Twitter Layoff: Elon Musk’s Outrage Towards Technical Team At Twitter May Destroy The Social Media Giant From Inside


Since Musk first expressed interest in acquiring Twitter, he has been criticizing Twitter’s algorithm and the morality of its user-acquisition strategy. Due to these criticisms, many anticipated him to make significant changes at Twitter.

Musk considers himself to be the ultimate disruptor, and after taking over Twitter, he did so in a way that seemed to support his criticism of the social media company’s product ethics. The top management staff started leaving one by one after that. CEO Agrawal, head of legal, policy, and trust, Vijaya Gadde, and CFO Ned Segal are among those who have been let go.

Agrawal was not your typical CEO that was fired. His use of Twitter increased roughly simultaneously with the popularity of the social media site. Five years after Twitter’s founding, the Stanford University alumnus joined the company in 2011 as a software developer. He rose through the ranks to become the company’s chief technical officer (CTO) before taking over as CEO in November 2021, in a sense embodying the fundamental principles of Twitter prior to the purchase.

Product engineers and the core tech team, according to Nilesh Shah, managing director and CEO of Envision Capital, are what differentiate and define a company. They serve as its “moat” and are crucial in helping it develop from a startup to a mature business, he claims, and they can even predict if a start-up will succeed or fail.

The Repercussions of Parag Agarwal‘s Departure

Twitter layoff

Will Agrawal’s departure result in a tech disruption that Musk did not expect given his in-depth understanding of the codebase of the social media platform?

Although Agrawal’s dismissal was regrettable, according to experts, it might not have had a significant influence on Twitter’s regular operations. A CTO or CEO typically avoids operational issues at their scale and concentrates on strategic goals. Additionally, Twitter’s culture has become more or less institutionalized as a mature social network.

Anand Jain, co-founder and product lead at Clevertap, observed that the tech team initially shapes the product and realizes the overall vision for the company. As the organization develops, the promoters begin to spot potential leaders and prepare them to take the helm when the time is appropriate.

Depending on whether they were successful in their jobs, stayed faithful to the fundamental mission, or were able to realize the full value of the business’ growth, he said, the departure of a core team member might have either positive or negative repercussions. According to Jain, founders have really been observed giving the reins to younger members of management as a firm evolves over the course of 20 to 30 years and taking on a coaching role.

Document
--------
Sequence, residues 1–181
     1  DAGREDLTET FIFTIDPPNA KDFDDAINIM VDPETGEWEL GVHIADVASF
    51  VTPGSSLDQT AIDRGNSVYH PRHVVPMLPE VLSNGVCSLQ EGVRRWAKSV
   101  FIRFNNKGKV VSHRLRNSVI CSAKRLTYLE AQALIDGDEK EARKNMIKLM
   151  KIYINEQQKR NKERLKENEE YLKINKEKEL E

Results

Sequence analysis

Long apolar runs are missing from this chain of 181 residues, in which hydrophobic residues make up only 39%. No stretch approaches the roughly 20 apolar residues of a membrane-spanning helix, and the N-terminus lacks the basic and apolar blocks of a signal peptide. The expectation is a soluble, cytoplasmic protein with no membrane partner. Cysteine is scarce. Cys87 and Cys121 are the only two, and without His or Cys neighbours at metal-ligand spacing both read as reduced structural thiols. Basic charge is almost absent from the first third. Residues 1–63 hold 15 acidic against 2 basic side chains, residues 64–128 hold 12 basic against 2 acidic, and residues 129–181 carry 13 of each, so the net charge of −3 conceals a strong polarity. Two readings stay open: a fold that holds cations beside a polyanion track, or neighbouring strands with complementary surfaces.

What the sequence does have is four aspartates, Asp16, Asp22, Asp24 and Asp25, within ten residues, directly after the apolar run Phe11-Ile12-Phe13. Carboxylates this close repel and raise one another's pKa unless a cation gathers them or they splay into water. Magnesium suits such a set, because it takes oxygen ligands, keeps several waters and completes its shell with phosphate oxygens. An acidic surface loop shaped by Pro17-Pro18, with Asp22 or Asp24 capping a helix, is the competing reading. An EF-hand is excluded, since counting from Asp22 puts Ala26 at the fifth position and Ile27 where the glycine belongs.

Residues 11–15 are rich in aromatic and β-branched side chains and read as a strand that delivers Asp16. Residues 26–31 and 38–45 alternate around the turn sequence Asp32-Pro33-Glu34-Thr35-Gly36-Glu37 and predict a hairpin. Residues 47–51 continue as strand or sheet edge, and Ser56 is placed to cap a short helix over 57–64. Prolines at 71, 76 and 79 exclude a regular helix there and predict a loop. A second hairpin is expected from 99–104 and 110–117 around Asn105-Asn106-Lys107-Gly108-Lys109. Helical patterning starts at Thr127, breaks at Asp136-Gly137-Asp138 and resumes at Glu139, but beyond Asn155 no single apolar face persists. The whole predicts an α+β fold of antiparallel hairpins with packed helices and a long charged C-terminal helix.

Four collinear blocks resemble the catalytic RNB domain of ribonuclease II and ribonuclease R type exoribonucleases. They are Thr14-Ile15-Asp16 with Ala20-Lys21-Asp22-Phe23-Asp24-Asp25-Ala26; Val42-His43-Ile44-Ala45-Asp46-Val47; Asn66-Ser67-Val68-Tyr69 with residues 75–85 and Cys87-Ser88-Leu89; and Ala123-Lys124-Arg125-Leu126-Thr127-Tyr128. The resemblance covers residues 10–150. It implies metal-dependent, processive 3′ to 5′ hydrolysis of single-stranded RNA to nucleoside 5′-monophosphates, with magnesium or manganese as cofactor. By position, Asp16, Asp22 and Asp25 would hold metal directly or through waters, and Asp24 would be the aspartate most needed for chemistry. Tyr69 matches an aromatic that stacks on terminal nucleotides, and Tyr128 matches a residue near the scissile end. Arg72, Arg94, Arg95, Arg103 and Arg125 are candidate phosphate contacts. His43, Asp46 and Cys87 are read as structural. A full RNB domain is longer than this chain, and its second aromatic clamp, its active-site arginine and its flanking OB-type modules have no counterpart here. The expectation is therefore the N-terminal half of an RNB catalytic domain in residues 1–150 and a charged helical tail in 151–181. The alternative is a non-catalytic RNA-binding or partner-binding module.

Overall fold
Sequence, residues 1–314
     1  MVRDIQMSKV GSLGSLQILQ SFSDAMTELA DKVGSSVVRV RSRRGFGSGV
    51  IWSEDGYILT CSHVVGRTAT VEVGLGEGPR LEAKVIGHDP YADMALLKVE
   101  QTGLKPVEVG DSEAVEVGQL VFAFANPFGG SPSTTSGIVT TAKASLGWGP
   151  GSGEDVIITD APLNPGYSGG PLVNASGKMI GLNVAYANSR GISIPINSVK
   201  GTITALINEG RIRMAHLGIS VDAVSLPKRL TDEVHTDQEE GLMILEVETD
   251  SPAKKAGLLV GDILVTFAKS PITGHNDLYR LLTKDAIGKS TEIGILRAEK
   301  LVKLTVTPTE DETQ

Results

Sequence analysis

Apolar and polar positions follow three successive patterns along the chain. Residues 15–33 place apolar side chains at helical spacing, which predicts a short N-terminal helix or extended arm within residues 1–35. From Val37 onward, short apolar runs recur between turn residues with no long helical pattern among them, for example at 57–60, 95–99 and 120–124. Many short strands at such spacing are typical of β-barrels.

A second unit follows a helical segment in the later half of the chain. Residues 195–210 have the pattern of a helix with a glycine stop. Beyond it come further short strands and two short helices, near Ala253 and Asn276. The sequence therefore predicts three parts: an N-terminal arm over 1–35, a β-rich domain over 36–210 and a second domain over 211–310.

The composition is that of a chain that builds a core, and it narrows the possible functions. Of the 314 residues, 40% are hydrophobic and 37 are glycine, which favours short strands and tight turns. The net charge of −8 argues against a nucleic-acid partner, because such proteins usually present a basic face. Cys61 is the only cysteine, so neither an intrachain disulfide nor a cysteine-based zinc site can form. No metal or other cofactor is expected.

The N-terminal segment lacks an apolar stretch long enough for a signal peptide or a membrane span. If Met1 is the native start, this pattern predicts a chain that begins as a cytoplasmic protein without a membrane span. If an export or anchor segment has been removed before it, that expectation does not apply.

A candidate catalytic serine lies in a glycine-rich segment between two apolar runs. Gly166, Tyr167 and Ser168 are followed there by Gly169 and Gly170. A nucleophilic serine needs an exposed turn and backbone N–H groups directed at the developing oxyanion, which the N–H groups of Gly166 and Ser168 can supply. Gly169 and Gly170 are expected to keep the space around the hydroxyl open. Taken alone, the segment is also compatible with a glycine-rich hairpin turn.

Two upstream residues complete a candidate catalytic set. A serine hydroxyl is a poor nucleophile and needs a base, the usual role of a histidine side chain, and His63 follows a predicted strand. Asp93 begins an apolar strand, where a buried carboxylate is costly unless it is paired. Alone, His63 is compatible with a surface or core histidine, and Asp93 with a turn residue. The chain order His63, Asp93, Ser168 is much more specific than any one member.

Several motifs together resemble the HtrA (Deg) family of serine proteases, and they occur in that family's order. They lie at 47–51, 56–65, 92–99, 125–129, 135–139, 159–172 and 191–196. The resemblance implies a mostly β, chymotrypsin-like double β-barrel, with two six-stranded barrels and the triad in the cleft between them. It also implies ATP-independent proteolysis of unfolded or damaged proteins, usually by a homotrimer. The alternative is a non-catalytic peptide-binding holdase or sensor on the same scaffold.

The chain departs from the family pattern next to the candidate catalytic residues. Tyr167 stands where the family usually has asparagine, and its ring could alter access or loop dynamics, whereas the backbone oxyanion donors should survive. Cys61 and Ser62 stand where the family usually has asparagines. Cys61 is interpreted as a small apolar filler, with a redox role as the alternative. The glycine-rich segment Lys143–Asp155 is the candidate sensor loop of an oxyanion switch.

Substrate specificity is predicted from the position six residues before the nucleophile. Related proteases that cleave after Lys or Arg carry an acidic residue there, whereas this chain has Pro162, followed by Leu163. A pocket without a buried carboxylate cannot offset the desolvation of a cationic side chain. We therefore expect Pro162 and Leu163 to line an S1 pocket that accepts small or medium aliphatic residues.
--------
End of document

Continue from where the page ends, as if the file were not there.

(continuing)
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An overzealous tech entrepreneur

Twitter layoff

Musk, a self-described technophile, created the video game Blastar as a teenager and sold its BASIC to a PC magazine for $500. To assist newspapers in creating online city guides, he founded Zip2 in 1995. Four years later, Compaq Computers purchased Zip2 for $341 million. Then he created the financial, which eventually evolved into PayPal.

Musk has, thus far, only made sporadic attempts to run a tech or tech-products company. In 2015, he helped start the OpenAI artificial intelligence research lab, although he left the board not long after. The next year, he co-founded Neuralink, a brain-machine interface neurotechnology business.

In 2004, the daring businessman invested in Tesla Motors as a pioneer in the electric vehicle industry. Intriguingly, Musk and Martin Eberhard, who co-founded the business and later became its CEO, had a number of disagreements. In 2007, Musk was requested to take over as the company’s CEO and product architect.

Musk does not have any experience running a large tech-based company like Twitter, unlike some of the other massive purchases that have happened in the user technology arena, like Facebook purchasing WhatsApp. Instead, he appears to be counting on a third party like Binance to change Twitter’s tech philosophies.

The CTO of a large American multinational and an angel investor in early-stage start-ups, Pradip Ghose (name changed upon request), believes that the departure of the core tech team from a major product does not always result in a bad consequence. He uses WhatsApp and Apigee as examples to highlight how the businesses expanded after the departure of the founders of the core technical team.

He noted instances where start-ups failed, either on purpose as part of a larger acquisition plan or because the new management was unable to maintain the success owing to inexperience or poor strategy.

Integrating With The Blockchain